First it was the College Hill Bookstore which I’d been going to since I was a teenager. Located right in the heart of the East Side in an eclectic part of town, it would stay open each night until midnight, and, according to the sign in the window, was “Dedicated to the art of browsing.” Many of my first “serious” books came from its shelves of poetry, novels, travel or philosophy.
Next it was Second Thoughts - easily my favorite second hand bookstore in all creation! The scent of old books when you went inside was nearly overpowering. Assuming you ever got inside. On the outside wall by the front door there were two enormous bookcases, each one at least seven feet tall and filled to overflowing with books of all kinds in various stages of repair. A sign pinned over the top announced: “ALL BOOKS $1” (Get thee behind me, Satan!) Inside, the shelves groaned with books in every possible category, while behind the counter the owner had a special hoard of 18th nd 19th gilt-edged collector's editions with embossed covers. The general price could be anywhere from two dollars up to twenty, and I don’t think I ever came home from there with fewer than four or five books, most of them from the outdoor shelves.
was always full of antiques, china, glassware, linens, furniture and old kitchen items, all of them reasonably priced. It was easy to spend an entire afternoon there, wandering from room to room, upstairs and down, poking into the nooks and corners and coming up with beautiful tea cups or pieces of lace or a pair of sparkling Jet ear-rings. It always seemed like the kind of place that would just always be there and it was a terrible loss when they closed. Miraculously, it did reopen several years later and although it was never quite the same I still manage to find wonderful things there.
And then the final blow fell: the announcement that Ocean House, a sprawling yellow-shingled Victorian hotel overlooking the sea at the top of Watch Hill, would be closing. And not just closing but torn down! One of the last summer hotels of its kind, it had a huge dining room with glass windows on two sides that gave one the feeling that you were eating on board a great ocean liner. Every window looked out onto the sea, and after dinner you could sit on the verandah in one of their weathered rocking chairs, or slip down the back steps and wander along the beach in your bare feet, not caring if your dinner gown got wet in the waves as the tide came in. I have glass jars full of the beautiful stones I’ve collected on the beach there, and an old photograph of the hotel hangs in the upstairs bathroom. Whenever guests visited from out of town I always brought them there for a true taste of what it would have been like to holiday by the sea in past times. They auctioned all the furniture and paintings and rumor had it a developer would tear down the building and erect luxury condominiums in its place on the valuable seafront property. In the end, the Nostalgia Faerie granted my wish and the developers relented, refurbishing the existing building. It is now the Ocean House Luxury Resort. The dining room no longer has a rocking shipboard feel to it, and the shabbiness has been replaced by the elegant ethos of a private club. But beggars can't be choosers and at least it still exists.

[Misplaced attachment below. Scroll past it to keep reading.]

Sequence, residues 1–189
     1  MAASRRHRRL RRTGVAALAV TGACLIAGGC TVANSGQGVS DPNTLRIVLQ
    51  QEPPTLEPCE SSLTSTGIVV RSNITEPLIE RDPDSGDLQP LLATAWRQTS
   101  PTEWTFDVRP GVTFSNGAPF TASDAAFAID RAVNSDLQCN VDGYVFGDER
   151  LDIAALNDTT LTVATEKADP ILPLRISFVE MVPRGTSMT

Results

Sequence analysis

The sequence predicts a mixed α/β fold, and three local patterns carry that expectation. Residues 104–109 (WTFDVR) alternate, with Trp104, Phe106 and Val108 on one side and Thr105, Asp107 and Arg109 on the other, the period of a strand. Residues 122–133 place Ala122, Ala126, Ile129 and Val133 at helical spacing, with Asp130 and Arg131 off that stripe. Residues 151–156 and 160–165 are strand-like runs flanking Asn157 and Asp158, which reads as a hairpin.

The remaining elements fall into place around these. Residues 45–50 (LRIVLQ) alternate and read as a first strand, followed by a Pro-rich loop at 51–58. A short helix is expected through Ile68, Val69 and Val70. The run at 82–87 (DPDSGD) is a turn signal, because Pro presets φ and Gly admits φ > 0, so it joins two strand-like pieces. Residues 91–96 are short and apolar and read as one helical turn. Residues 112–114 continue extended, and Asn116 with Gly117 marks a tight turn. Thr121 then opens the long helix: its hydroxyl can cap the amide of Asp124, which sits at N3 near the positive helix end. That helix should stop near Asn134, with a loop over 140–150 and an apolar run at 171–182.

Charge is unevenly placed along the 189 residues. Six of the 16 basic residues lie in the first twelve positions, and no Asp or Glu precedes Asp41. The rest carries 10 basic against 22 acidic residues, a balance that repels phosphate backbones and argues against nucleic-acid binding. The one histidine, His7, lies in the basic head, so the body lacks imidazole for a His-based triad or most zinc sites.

There are other places in my life that have vanished: my first school, the housing development where we lived when I was a newborn, the tenement we shared with my grandmother when I was a toddler. Even the hospital where I was born was razed and replaced by a Walgreens! (Odd to imagine being born somewhere near Aisle 6...)
As progress lays waste to life's landmarks, I'm thankful for memories and photographs.
“...in my life, I’ve loved them all.”